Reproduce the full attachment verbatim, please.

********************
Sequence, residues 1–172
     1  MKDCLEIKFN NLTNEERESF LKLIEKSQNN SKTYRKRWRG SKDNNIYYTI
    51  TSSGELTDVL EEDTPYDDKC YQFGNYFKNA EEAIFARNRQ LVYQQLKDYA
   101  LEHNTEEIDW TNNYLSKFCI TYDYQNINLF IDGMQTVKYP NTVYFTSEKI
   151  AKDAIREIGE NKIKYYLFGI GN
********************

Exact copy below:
Sequence, residues 1–172
     1  MKDCLEIKFN NLTNEERESF LKLIEKSQNN SKTYRKRWRG SKDNNIYYTI
    51  TSSGELTDVL EEDTPYDDKC YQFGNYFKNA EEAIFARNRQ LVYQQLKDYA
   101  LEHNTEEIDW TNNYLSKFCI TYDYQNINLF IDGMQTVKYP NTVYFTSEKI
   151  AKDAIREIGE NKIKYYLFGI GN